Wide temperature ranges - as with any long ride, plan for the weather. I had strong head and tail winds, on different days. Some mornings were chilly, and frosts are not unheard of in the middle of summer up north. I endured several days of >30C. That's fairly warm for riding, but up north is can stay hot a very long time, well past the time it ought to be dark! I brought along swim trunks and took advantage of many beautiful lakes to stay cool the last few days. I didn't have much rain so my rain gear and fenders remained dry the whole way. Still worth bringing along, however.
Food and Cooking - I brought along a waterproof stuff sack and a length of light cord so I could string my food in trees, out of reach of your average bear, away from my camp. It also doubled as a backpack for the times when I wanted to resupply with bulky food (like a loaf of bread) that would not fit in my saddle bag. I brought a wood-fired cooking stove and my riding buddy brought an isobutane camp stove. I'd suggest the latter for more rapid food stops. We brought lots of trail mix and dried meals, enough for 5 days. At brevet pace I'd suggest keeping ~3 days' food on hand.
Water filter - the rivers are plentiful, but you don't always know what is upstream. I'd suggest bringing a lightweight water filter for peace of mind. I used the Katadyn BeFree, which is excellent, and serves as another water bottle.
4 bottles - I fitted my bike for 3 bottles, which was not always enough. I occasionally used the water filter (in my feed pouch) as a 4th bottle. I'd suggest bringing 4 bottles if you tend to be thirsty.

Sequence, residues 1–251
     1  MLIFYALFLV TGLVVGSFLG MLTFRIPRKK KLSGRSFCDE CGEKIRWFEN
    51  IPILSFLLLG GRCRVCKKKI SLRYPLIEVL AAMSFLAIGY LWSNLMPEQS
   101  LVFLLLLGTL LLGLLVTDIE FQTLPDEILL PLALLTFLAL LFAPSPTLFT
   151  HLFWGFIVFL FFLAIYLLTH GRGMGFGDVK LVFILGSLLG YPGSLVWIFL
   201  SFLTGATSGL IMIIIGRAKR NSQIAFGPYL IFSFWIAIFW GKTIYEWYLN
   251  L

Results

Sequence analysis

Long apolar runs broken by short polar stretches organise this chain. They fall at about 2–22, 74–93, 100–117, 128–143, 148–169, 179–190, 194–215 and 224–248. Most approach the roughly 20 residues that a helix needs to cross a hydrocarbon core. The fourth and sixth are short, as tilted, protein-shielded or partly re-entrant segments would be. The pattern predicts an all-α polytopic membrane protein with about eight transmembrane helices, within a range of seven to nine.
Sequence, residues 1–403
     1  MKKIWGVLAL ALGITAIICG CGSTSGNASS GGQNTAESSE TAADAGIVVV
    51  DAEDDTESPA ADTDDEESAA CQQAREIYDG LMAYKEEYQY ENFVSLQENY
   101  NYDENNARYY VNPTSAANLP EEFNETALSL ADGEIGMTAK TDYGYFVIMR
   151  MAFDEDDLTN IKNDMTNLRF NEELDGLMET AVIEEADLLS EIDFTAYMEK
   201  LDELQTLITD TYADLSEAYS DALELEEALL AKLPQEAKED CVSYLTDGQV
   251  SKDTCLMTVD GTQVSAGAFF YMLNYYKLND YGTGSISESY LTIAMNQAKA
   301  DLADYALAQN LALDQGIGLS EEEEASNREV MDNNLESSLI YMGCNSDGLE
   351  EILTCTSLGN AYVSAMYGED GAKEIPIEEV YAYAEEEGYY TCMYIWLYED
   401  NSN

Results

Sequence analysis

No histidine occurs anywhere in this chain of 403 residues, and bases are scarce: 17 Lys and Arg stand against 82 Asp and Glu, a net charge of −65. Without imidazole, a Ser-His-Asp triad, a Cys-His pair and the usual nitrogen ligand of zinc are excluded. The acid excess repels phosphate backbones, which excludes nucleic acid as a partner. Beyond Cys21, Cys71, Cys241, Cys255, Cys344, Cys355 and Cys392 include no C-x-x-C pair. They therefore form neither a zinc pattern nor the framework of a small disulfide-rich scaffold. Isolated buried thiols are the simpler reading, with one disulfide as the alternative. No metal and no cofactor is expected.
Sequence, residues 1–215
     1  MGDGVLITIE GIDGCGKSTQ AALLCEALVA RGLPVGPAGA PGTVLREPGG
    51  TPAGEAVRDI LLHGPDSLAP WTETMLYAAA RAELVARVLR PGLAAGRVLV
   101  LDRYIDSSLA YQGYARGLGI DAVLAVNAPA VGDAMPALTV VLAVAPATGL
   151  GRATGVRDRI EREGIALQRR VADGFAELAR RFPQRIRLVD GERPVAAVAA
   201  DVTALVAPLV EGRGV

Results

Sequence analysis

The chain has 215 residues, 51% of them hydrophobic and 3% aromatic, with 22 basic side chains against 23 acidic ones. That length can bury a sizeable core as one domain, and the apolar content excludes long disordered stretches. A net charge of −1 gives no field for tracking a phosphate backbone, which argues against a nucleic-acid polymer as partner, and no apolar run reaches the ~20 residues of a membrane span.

Serious spares - evaluate your spare parts kit carefully. Do you have a spare tire? What if you break a cable? Can you patch a hole in your sleeping mat? I brought tools and spares for all of these, and needed the latter.
Tough tires - I set my bike up with fairly aggressive tires: WTB Nano 700x42mm. They're knobby, but with a nice centre bead. I was worried the knobs might slow me down, and maybe they did, but the knobs were handy. Any time I left the road (for water, services, photo ops, camping) was on gravel. I was occasionally forced onto the gravel by passing oversized trucks. Also, the paved shoulders along the Alaska highway are often strewn with gravel and sand, a remnant of snow driving safety. These reasons, plus frost heaves and the odd pothole made me happy to have wide, grippy, plush tires mounted.